106 Rejections, 1 Success & Unquantifiable Perseverance

Mod Note: Each day we'll be posting the top WSO forum posts of 2014. This one was originally posted on 4/29/14 and ranks #11 for the year by total silver banana count. You can see all our top ranked content here.

Hey everyone,

It's been an interesting and long 10 months since I began pursuing a career in IBD. I wanted to share my story with the rest of the WSO community and especially for those monkeys out there who are trying to break in (target or non-target, it's tough) and having trouble fighting through the rejections and pitfalls of the process.

As some of you might know, I have been a tennis player for over 17 years now and up until 10 months ago, I thought I'd make a career out of the sport in some capacity. But with chronic injuries catching up to me, I realized quickly that it'd be an extremely uphill battle and one that would yield little result or enjoyment. Luckily for me, through my lone internship, I had access to a small PE shop and had the chance to talk to the people who work there. In hindsight, reaching out to those guys was the best move I made as they proved to be a great support system, mentors and a network during the next 10 months.

Unfortunately, I had a few things going against me. For one, I was a non-finance major at a non-target with no finance internships in any capacity. Furthermore, I knew close to nothing about the markets, finance or investment banking. And to top it all off, apart from the PE shop, I had 0 connections in the industry and by the time I reached the PE shop, it was late October and most firms were rounding up their recruiting or had already chosen a pool of candidates to recruit from.

After applying to 30-40 firms and getting rejected everywhere, I decided it was time to round up all my weaknesses and turn them into strengths. I joined WSO, read every thread about breaking in and the expectations of an IBD analyst, kept up with the markets on a daily basis and started teaching myself the basic technicals. While all of this stuff was incredibly useful, the most arduous, painstaking and fruitful part of my process came in the form of networking. The first thing I did was look for alumni from my school that worked in banking. Unfortunately, I found none or the few I found had moved on from the industry and didn't respond to my requests for a phone call.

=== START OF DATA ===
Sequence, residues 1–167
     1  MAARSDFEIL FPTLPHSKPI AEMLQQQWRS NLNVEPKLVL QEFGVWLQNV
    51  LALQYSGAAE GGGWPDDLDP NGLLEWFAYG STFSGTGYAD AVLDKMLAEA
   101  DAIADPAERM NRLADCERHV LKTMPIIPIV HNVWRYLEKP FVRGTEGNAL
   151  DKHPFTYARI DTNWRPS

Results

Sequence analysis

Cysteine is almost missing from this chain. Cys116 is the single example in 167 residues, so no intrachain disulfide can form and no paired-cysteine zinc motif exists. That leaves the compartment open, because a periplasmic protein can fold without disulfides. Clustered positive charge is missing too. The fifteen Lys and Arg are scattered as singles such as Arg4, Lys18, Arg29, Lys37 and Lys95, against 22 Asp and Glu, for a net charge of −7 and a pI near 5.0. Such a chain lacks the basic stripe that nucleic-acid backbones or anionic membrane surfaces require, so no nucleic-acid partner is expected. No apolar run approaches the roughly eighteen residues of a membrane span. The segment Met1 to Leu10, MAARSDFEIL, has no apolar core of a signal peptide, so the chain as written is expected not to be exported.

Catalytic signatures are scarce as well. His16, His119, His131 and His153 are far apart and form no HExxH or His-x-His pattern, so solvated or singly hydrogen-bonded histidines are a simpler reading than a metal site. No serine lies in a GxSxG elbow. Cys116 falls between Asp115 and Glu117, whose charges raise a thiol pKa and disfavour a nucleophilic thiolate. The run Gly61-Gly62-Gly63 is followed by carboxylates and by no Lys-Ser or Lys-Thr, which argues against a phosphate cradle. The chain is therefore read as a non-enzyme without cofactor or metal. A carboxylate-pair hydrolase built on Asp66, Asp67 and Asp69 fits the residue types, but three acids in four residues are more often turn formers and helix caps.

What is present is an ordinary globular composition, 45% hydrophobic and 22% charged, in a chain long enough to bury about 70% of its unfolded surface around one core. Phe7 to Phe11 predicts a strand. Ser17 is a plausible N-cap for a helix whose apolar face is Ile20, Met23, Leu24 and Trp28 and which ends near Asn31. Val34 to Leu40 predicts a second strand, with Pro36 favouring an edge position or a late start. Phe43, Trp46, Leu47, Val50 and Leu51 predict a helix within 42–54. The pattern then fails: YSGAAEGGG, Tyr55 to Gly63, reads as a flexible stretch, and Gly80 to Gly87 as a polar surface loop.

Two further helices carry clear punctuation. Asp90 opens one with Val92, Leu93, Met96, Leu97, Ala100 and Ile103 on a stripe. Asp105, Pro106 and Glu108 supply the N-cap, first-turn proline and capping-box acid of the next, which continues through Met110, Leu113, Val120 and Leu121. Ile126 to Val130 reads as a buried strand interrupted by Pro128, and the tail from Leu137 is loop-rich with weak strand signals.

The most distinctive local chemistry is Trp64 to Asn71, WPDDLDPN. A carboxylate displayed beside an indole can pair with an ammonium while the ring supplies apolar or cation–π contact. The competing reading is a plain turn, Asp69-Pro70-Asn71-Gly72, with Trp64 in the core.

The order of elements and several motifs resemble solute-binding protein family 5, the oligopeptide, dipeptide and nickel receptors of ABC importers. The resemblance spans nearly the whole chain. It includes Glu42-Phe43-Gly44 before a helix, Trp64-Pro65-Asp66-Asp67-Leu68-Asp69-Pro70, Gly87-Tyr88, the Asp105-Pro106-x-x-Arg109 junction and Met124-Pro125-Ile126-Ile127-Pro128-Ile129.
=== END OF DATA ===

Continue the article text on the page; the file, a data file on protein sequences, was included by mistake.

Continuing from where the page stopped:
Not knowing where to go from here, I decided to form a plan that would hopefully help me create my own luck while helping me learn more about the industry. So in December during my winter break, I went through the WSO Company Database, eliminated the big name firms and focused my efforts on the smaller IBD firms. I compiled an excel sheet of 300-400 prospective contacts for cold emailing and cross-referenced that sheet with LinkedIn to check if any of my existing contacts had any links to these prospective contacts. At the time, I also began studying for the GMAT so that I could apply to top tier MSF programs and begin looking for summer IBD internships. The month of December 2013 essentially involved a daily routine of 3-4 hours of GMAT prep, 2-3 hours of networking and then 2-3 hours of training for tennis in the spring.

I then took the GMAT in January (scored a 700), applied to the various MSF programs and got into WUSTL's MSF program in February. In the meantime, I got interviews for SA internships at 1 BB, 2 EB and 4-5 smaller firms. Nonetheless, I got rejected at all of those firms but managed to secure 2 unpaid offers at boutique firms (1 local and 1 in Florida). I won't lie here. I got immensely frustrated after the rejections at those bigger firms. Still, I decided to use those as opportunities and stayed in touch with the analysts and associates who interviewed me.

I continued networking, accepted the local SA offer and then got a surprise offer to come down for a superday with a well-respected MM firm for a FT analyst position starting this summer. After having gone through so much in the past 10 months, I was far more confident in my abilities and my knowledge of the industry. Finally, this past month, I heard back from them and accepted their offer.

To put everything in perspective, I was a non-target, non-finance major with no finance experience and no contacts in the industry. In the past 10 months, I have amassed more than 100 people in the industry whom I'm in regular contact with, secured an offer from a MSF program, secured an offer from 2 small boutiques and now, I'll be working at a well-respected MM firm.

I just want everyone to know (especially those struggling with finding a place in the industry right now) that with the right attitude, lots of perseverance, desire to learn and most importantly, the ability to cultivate relationships, you can break in. None of this would have been possible without the help of the people I met and got to know along the way and the WSO Community.